10 Animal Facts You Definitely Don't Know
With possibly millions of species out there, the animal kingdom is home to some of the coolest, strangest, most mind-boggling individuals around. And each species has its own quirky behaviors that set it apart. Here's a small sampling of some of the stranger animal facts out there - and a reminder of how cool nature really is.
Butterflies drink turtle tears.
When all you eat are flowers, it can be hard to get enough sodium in your diet. That's particularly true in the Amazon, which is especially salt-deficient because it's cut off from the ocean. So Amazon butterflies have turned to lachryphagy, or tear eating. Swarms of butterflies will descend on turtles, gently sipping the tears from their eyes to round out their diets. While they're open to drinking the tears of bigger animals - evencrocodiles - turtles are a favorite target because they're slow. The behavior's also been seen in bees and other insects.
Dung beetles navigate by the Milky Way.
A 2013 study showed that the little beetles use the stars to orient themselves when traveling along on dark nights. Dung beetles will collect a ball of dung from a pile left behind by an animal, then roll it off somewhere where other beetles won't steal it. Since the insects like to travel in a straight line, they use the Milky Way to direct themselves and keep from curving back. They can also use the sun and moon to navigate. While this behavior has been seen in animals like birds and seals, dung beetles are the first insects confirmed to do so.
Dolphins don't sleep.
Well, that's sort of true. Rather, they're not unconscious when they sleep. Dolphins, orcas and other whales are conscious breathers, which mean they have to willingly take each breath and don't breathe automatically like humans do. So if they were to fall fully asleep, they would suffocate. Instead, dolphins and their cousins practice unihemispheric sleep - which means they turn off one half of their brain at a time and stay semi-conscious. It's why you don't see sleepy dolphins floating at the surface of the ocean every night.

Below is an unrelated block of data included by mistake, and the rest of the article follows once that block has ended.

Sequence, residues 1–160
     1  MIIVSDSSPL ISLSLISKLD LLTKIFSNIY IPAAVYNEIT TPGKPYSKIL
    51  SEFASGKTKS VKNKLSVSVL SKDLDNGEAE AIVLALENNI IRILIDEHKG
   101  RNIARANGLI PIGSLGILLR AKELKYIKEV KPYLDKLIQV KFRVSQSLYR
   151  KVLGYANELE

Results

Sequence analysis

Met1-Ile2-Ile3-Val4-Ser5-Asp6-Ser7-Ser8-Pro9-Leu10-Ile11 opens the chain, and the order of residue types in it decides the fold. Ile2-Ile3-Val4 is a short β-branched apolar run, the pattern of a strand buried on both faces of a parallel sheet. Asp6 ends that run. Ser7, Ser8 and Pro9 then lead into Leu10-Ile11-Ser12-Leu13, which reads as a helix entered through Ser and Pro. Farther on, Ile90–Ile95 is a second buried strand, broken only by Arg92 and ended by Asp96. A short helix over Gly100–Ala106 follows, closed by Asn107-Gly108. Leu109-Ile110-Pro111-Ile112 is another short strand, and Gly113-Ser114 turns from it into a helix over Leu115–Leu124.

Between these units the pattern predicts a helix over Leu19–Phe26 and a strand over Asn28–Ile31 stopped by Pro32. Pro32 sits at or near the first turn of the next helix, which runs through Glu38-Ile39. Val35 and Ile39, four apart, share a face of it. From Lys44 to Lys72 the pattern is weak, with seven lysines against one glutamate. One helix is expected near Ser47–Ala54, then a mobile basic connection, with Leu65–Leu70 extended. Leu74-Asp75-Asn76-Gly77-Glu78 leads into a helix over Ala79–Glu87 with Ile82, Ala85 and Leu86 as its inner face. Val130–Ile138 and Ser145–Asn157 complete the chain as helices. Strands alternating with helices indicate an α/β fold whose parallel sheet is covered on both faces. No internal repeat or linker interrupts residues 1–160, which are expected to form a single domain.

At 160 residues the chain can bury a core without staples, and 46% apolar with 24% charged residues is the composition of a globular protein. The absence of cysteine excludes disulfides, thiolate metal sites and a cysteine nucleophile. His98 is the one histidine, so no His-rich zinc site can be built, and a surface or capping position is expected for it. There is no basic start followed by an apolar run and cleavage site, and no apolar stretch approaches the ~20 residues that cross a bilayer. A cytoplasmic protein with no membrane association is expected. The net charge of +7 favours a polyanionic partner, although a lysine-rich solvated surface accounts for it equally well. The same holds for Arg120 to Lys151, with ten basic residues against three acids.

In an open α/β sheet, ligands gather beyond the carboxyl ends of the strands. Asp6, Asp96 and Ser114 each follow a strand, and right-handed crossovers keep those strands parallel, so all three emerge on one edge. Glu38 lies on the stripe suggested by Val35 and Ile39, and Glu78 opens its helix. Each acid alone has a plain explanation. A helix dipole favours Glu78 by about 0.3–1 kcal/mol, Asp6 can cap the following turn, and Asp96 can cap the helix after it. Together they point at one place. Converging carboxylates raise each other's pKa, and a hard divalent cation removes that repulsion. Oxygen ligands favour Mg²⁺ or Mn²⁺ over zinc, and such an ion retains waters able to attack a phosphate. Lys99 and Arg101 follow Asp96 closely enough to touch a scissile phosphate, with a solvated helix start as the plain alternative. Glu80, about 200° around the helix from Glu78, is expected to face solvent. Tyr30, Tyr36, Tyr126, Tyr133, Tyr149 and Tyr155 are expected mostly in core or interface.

Squirrels use perfume.
While squirrels are quite scrappy, they'd rather avoid a fight. And what better to chase off a predator than a full-grown rattler? So when ground squirrels find sloughed-off rattlesnake skin, they'll chew on it and then lick it all over their little bodies. That way they smell like big scary snakes instead of tasty little squirrels, and predators will be scared off.
It's called self-anointing, and it's not uncommon in the animal kingdom. Hedgehogs will sometimes kill toads so they can bite open their venom glands and smear it on their spikes.
Crocodiles don't age.
When most animals reach the end of their life span, they start to break down and exhibit senescence, which we know as aging: grey hair, tiredness, reduced appetite. Some animals, like crocodiles or tortoises, exhibit negligible senescence, or don't age - which means at 50 or 100 they're as perfectly fit as ever. As long as they have enough food, they can just keep growing and growing. Of course, this doesn't make them immortal, as they can still fall prey to accidents or disease. But they stay fairly biologically young - which is why we get spry 112-year-old crocs and 183-year-old tortoises.